Prince George was left “confused and annoyed” by an activity at school which was designed to emphasize the importance of being environmentally friendly. Georges father, the Prince of Wales, once revealed that his eldest son took part in litter-picking sessions, which left his son frustrated about the state of the planet.
It comes as the past 12 months have seen sweeping changes for the Royal Family – not least for the Prince and Princess of Wales and their children.
Not only did they move from Kensington Palace in London to Adelaide Cottage in Windsor, Prince George and Princess Charlotte started at a brand new school.
They were joined by their younger brother Prince Louis at Lambrook School – but despite being royals, the trio are treated like all other children and take part in all lessons.
It was the same at George and Charlotte’s previous school of Thomas’s in Battersea, South London, where the pair enjoyed their early education.
“And I think that for him he was trying to understand how and where it all came from. He couldn’t understand, he’s like, ‘well, we cleaned this. Why hasn’t it gone away?'”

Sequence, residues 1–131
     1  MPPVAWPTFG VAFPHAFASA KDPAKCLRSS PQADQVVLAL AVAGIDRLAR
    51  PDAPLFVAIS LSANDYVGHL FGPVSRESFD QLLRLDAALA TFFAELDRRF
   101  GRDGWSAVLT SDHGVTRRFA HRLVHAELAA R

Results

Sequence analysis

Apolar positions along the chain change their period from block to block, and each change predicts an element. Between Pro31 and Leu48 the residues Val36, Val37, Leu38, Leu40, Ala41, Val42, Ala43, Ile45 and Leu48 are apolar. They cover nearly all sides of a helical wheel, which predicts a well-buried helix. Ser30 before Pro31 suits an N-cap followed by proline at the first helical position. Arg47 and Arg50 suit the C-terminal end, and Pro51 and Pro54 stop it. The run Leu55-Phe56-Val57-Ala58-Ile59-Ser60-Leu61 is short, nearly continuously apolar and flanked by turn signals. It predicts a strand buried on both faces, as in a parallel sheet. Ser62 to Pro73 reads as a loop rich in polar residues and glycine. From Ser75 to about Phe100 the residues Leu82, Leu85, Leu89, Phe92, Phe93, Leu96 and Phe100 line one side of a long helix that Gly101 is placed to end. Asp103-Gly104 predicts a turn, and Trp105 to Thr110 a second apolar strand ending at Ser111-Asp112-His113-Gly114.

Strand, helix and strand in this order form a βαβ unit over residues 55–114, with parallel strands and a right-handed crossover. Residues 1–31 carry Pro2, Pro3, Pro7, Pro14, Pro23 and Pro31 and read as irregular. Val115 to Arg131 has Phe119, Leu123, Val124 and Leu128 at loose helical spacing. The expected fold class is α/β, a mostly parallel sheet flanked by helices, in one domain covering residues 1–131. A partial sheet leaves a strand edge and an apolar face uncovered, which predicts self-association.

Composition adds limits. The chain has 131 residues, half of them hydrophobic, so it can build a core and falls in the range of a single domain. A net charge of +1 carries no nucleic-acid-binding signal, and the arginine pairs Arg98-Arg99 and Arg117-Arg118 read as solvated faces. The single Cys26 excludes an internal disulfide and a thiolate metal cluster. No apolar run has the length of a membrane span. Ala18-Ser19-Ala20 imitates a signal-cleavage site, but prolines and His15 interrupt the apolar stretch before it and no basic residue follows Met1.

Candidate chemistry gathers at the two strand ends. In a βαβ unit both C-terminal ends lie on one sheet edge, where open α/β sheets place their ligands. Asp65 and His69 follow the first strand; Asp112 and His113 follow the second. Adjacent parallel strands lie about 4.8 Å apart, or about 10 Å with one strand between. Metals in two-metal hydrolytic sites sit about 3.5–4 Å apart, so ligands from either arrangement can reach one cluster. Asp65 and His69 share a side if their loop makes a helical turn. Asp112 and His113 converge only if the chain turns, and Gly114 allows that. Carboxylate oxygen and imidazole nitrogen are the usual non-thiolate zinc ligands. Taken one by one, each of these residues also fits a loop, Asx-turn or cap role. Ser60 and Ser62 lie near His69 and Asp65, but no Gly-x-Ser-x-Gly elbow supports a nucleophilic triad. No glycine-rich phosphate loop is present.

William has been very vocal about turning the tide on climate change and environmental problems and set up the Earthshot Prize in order to find solutions to the climate crisis.
And he previously said that he was concerned that George and his generation might still be talking about climate change in decades to come.
He added: “But it shouldn’t be that there’s a third-generation now coming along having to ramp it up even more.
“And you know, for me, it would be an absolute disaster if George is sitting here talking to you or your successor, you know in like 30 years’ time, whatever, still saying the same thing, because by then we will be too late.”
Once finishing his time at Lambrook, much like William, it is incredibly likely that George and later Louis will follow in their father’s footsteps and attend Eton College at the age of 13.
The famous school charges a whopping £48,501 a year and was set up by King Henry VI in 1440. It counts other royal alumni such as Prince Harry, Prince William of Gloucester, The Duke of Kent, as well as Sam and Arthur Chatto.